• China sounded it's first national drought alert Thursday night
  • Severe weather causes direct losses of $400 million to its economy in July alone
  • GDP growth will be gravely impacted, says economist

China is facing a record-breaking heat wave, and the country has sounded off its first national drought alert late Thursday as parts of the Yangtze river have run dry.

Several regions are battling severe conditions, including mass power outages carried out by authorities, who have also urged business and residents to conserve energy.

These conditions have had a direct effect on the country's economy. Supplier offices for huge corporations like Toyota and Apple have been ordered shut, as the government has asked most factories to halt production until the end of this week for planned power outages.

The poultry market in the country has been affected as hens are rejecting their feed and producing fewer eggs due to the extreme weather, a report said, citing AFP. As the grip of these extreme weather situations tighten on China, one of the leading economists from the country foreshadows the economy's crumble, which could last many months.

Dan Wang, the chief economist of Hang Seng Bank, said Thursday that China's heatwave "is a dire situation," adding it could probably last for the next "two to three months easily," CNBC's Squawk Box Asia reported.

"It will affect those big energy-intensive industries and it will have [a] knock-on effect throughout the economy and even to the global supply chain," she said. "We already see a slowdown in production in the steel industry, in chemical industry, in fertilizer industry."

"Those are very important things when it comes to construction, to agriculture and also to manufacturing in general," Wang added.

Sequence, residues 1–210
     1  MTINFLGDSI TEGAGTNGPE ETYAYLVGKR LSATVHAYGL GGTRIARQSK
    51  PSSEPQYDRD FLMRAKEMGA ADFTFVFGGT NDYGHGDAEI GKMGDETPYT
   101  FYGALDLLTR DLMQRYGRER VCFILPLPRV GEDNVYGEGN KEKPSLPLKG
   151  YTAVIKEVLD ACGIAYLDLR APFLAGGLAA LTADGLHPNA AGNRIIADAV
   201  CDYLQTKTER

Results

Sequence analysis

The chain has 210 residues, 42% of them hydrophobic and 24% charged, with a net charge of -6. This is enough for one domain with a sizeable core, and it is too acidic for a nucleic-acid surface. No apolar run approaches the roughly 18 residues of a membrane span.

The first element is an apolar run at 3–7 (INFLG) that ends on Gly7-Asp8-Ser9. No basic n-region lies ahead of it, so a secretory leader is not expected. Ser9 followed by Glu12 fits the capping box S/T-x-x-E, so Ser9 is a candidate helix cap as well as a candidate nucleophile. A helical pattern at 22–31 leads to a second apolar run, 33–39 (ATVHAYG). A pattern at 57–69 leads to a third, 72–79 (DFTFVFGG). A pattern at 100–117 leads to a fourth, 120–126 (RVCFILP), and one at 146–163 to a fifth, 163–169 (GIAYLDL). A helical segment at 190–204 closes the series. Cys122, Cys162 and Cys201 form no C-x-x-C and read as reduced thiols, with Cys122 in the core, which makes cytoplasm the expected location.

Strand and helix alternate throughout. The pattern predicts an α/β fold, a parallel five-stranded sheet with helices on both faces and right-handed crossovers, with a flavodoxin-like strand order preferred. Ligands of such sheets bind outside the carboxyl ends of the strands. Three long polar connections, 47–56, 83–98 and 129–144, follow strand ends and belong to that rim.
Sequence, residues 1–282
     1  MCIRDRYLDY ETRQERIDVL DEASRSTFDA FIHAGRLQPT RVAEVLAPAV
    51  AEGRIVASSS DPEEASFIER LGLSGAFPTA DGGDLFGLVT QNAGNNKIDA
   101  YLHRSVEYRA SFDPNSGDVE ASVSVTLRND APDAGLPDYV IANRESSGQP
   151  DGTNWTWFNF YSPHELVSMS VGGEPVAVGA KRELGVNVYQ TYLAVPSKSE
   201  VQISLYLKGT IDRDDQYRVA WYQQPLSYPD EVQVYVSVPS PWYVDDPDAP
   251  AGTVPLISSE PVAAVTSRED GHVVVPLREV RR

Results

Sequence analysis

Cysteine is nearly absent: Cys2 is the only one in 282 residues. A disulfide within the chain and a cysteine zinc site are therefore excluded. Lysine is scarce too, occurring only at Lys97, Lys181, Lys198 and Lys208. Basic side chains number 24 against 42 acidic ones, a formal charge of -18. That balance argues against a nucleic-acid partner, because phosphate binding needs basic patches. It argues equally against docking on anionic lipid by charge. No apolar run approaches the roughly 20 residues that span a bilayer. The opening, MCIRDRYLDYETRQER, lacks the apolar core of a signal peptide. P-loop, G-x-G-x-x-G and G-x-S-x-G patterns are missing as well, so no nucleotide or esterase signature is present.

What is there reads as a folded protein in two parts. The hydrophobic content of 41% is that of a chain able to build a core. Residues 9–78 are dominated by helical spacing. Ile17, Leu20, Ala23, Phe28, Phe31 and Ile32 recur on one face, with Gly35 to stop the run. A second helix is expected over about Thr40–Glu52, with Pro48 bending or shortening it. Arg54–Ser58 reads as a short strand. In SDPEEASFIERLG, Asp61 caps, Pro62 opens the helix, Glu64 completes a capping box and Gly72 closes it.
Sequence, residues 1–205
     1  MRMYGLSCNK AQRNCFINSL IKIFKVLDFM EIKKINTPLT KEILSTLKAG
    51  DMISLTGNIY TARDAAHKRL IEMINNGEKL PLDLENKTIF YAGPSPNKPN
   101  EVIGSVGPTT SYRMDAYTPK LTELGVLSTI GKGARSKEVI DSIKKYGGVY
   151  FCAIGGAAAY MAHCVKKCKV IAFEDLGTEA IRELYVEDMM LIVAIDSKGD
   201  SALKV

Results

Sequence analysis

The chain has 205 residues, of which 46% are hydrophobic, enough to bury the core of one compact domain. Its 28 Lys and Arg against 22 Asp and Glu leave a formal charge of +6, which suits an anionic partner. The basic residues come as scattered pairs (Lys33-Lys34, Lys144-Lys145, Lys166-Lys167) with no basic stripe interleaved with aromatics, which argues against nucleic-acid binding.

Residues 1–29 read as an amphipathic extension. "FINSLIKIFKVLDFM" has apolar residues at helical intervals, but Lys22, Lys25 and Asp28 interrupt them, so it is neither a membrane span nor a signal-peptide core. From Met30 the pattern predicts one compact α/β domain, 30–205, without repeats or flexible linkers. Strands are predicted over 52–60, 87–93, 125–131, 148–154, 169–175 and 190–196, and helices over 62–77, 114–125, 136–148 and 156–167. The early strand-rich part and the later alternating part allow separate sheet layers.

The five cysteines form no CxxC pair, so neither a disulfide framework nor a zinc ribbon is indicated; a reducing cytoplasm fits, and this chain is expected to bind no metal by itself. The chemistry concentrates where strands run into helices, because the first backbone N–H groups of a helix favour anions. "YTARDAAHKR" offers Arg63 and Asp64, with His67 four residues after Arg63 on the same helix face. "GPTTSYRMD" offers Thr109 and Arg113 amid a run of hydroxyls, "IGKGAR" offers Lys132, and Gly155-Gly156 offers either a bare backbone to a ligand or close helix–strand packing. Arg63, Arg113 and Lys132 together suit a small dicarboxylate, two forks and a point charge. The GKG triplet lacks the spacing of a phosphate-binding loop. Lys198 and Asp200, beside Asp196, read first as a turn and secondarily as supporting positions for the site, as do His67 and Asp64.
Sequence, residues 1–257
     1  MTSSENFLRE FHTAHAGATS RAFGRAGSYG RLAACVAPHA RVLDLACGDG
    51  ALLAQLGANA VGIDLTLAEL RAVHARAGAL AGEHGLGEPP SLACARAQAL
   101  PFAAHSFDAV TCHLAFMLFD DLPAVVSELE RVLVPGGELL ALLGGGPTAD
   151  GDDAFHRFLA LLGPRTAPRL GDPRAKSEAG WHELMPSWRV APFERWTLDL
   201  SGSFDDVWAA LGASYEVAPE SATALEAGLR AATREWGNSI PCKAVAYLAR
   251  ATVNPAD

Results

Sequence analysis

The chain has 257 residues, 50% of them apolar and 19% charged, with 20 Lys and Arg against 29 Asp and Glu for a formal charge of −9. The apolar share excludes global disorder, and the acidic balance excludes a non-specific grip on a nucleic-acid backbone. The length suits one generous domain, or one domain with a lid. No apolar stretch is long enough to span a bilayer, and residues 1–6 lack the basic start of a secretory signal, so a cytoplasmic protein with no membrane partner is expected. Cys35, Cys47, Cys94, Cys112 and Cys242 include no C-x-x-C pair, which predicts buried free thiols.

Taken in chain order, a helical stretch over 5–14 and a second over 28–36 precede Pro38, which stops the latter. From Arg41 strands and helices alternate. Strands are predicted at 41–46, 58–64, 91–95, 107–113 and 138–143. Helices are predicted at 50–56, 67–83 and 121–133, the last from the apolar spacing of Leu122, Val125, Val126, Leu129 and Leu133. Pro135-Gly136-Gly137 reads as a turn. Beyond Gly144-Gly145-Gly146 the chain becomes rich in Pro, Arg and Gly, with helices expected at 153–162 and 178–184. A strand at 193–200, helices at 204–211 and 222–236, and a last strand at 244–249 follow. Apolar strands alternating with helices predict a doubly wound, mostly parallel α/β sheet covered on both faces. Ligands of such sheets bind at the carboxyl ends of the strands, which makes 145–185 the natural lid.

She also predicted the losses incurred to China's GDP growth will surpass that caused by 2021's power outages.

"Last year, as we have estimated, the power shortage period has caused China about a 0.6% point of GDP growth. This year we think this number will be a lot higher... I would say 1.5% point lower," Wang said.

Outlining the predicted full scope of losses, Wang said, "Right now, we are giving 4% of GDP growth for the full year. If the current situation continues, then I have to say the growth rate is probably below [3%]".

According to China's emergency ministry late Thursday, severe weather conditions have caused direct economic losses amounting to $400 million in July alone.

The many devastating situations that have plagued China currently include drying up of the Poyang Lake. It is China's largest freshwater lake located in northern Jiangxi province, which has now shrunk to a quarter of its normal size for this time of the year, according to a Reuters report citing state news agency Xinhua.

As many as 66 rivers across 34 counties in the southwestern region of Chongqing have dried up, state broadcaster CCTV said Friday. A gas utility in Fuling district has warned of supply cutoffs Friday until further notice as they battle "serious safety hazards."

China's searing heat is drying up the critical Yangtze River, with water flow on its main trunk about 51 percent lower than the average over the last five years, state media outlet China News Service reported